Contact
Fish: 360-902-2700
Wildlife: 360-902-2515
Regulations
Fishing   |   Hunting
Find us on Facebook Follow WDFW on Twitter RSS feeds from WDFW WDFW Videos on YouTube

  More to do Outside!
 
 
 

November 2017
Region 5: Southwest Washington
(Clark, Cowlitz, Klickitat, Lewis, Skamania and Wahkiakum counties)
Steelhead caught in the North Fork of the Stillaguamish River.
Photo credit: Brook Alongi

Columbia River salmon/steelhead: As this year’s fall chinook season winds down, area anglers are turning their attention to winter steelhead fishing. Thanksgiving Day traditionally marks the start of the popular fishery, but some anglers start working their favorite rivers well ahead of time.

“Steelhead move upriver on pulses of water,” said Joe Hymer, a WDFW fish biologist. “Once the sky opens up, we’ll see more fish start to move.”

Anglers can now retain up to two adult salmonids per day through Dec. 31 from Buoy 10 to John Day Dam, but only one may be a hatchery steelhead. Any wild steelhead with an intact adipose fin must be released.

Anglers may retain any chinook salmon – with or without an adipose fin – but all wild coho must be released from the Hood River Bridge downstream.
 
Fishing the tributaries: The first winter steelhead of the year arrived at the Cowlitz Hatchery in late October and more are sure to follow in the weeks ahead. Other major destinations for hatchery-reared steelhead include the Kalama, Lewis (including the North Fork), Washougal, Elochoman and Grays rivers, along with Salmon Creek in Clark County and Rock Creek in Skamania County.

Starting Nov. 1, several other rivers and creeks open for steelhead fishing, including Abernathy, Coal, Germany, Mill, and Skamokawa creeks and the Coweeman River in Cowlitz County, and Cedar Creek in Clark County.

WDFW’s Hatchery Escapement Reports and 2016 Hatchery Steelhead Smolt Stocking report can provide a good indication of the number of fish returning to each river.

The daily limit on most tributaries below Bonneville Dam is three hatchery steelhead – plus the salmon limit listed for individual rivers in the Fishing in Washington rules pamphlet. Only hatchery-reared steelhead with a clipped adipose fin may be retained, and anglers are required to keep the first three hatchery steelhead they catch.

An exception is the Cowlitz River from the Lexington Drive/Sparks Road bridges upstream to the markers below the barrier dam. In those waters, the limit is two hatchery steelhead per day, and the mandatory retention rule has been lifted.

Anglers fishing the Cowlitz River should also be aware that all chinook salmon must be released downstream from the barrier dam due to low returns to the hatchery.

The daily limit at Drano Lake is three adult salmonids, of which only one two may be coho. At Drano Lake, the daily limit is also three adult salmonids, but only two may be hatchery steelhead. Wind River remains closed to all fishing from Shipherd Falls to Moore Bridge to protect the low number of summer steelhead arriving to spawn.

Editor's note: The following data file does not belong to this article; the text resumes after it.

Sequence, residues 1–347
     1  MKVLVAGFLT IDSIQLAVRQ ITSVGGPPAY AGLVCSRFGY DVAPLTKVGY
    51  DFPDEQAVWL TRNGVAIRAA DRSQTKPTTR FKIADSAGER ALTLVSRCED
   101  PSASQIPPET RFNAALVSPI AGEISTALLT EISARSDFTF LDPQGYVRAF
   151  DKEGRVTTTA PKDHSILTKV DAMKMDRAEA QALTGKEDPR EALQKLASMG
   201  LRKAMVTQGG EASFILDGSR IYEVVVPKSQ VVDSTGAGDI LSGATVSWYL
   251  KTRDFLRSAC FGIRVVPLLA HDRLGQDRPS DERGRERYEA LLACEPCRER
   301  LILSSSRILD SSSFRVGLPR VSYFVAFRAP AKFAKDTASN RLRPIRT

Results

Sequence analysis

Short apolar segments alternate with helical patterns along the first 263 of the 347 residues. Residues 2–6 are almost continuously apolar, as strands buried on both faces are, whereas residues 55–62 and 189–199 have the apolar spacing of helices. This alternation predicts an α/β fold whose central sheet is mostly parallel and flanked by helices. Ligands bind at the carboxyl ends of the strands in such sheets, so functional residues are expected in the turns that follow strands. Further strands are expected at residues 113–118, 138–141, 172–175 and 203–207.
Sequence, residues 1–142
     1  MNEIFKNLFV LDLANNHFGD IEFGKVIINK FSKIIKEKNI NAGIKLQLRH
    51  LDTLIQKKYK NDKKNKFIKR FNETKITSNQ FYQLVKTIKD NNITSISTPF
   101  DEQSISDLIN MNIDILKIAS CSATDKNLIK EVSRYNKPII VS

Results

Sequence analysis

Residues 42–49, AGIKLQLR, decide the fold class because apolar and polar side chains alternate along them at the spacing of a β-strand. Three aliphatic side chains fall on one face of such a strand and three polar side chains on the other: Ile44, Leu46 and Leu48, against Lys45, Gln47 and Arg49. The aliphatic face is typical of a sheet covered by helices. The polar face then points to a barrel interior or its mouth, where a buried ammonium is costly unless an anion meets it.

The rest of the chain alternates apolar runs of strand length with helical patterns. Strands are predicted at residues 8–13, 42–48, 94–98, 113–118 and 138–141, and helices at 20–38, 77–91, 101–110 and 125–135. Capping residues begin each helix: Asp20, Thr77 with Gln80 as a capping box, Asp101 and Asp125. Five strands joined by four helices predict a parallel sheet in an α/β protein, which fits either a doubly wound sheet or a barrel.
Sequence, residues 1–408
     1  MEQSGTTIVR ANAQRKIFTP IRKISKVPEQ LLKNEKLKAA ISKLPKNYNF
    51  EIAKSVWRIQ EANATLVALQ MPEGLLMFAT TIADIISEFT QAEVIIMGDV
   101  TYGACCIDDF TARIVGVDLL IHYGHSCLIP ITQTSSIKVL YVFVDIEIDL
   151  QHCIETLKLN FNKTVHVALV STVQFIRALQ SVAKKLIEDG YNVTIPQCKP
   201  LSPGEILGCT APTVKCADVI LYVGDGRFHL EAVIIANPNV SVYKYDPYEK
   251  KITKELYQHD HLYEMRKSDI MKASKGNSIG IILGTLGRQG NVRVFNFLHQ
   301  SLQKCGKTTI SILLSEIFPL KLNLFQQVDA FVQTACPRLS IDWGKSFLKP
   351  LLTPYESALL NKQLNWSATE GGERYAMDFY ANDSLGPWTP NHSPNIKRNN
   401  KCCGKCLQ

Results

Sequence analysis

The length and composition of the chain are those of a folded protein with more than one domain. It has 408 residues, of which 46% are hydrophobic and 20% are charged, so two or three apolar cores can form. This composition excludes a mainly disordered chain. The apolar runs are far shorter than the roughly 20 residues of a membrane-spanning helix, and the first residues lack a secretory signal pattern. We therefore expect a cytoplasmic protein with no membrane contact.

Anglers are strongly advised to check for new emergency rules before heading out.

Sturgeon: Catch-and-release fisheries are open in all areas of the Columbia River below Priest Rapids Dam, but retention fishing for white sturgeon is closed in those waters.

Warmwater fish: Walleye fishing is still going strong in the Columbia from The Dalles to McNary dams. Channel catfish has also been good above John Day Dam.

Night fishing is now allowed from Buoy 10 upstream to the wooden powerline towers near old Hanford for warmwater fish, including bass, walleye, burbot, catfish, crappie, perch, peamouth, suckers and sunfish.

Trout: State fish managers are stocking lakes throughout the state with thousands of large trout averaging 15 to 16 inches for WDFW’s Black Friday event, starting the day after Thanksgiving. Approximately 2,000 of those lunkers are headed for:

  • Clark County: Battleground Lake and Klineline Pond in Clark County.
  • Cowlitz County: Kress Lake.
  • Lewis County: Ft. Borst Park Pond, and South Lewis County Park Pond. 

Each of these waters will be closed the Monday before Thanksgiving and opening on the day after the holiday. 

Anglers should be aware that Swift Reservoir closes Nov. 30. 

Mature bull elk with female in field.
Photo credit: Gary Babcock

Choose your hunt: November is prime time for hunting in southwest Washington, whether for elk, deer, or waterfowl. Hunters gearing up for any of this month’s hunts may want to check WDFW’s 2017 Hunting Prospects, Game Harvest Reports, and Go Hunt online mapping tool to determine which areas to hunt.

Elk and deer: Hunters with modern firearms will take the field for elk Nov. 4-15, then stalk deer during the late buck hunt Nov.16-19. Records show that approximately one-third of the region’s annual buck harvest occurs during this four-day hunt, when the rut is on and bucks are on the move.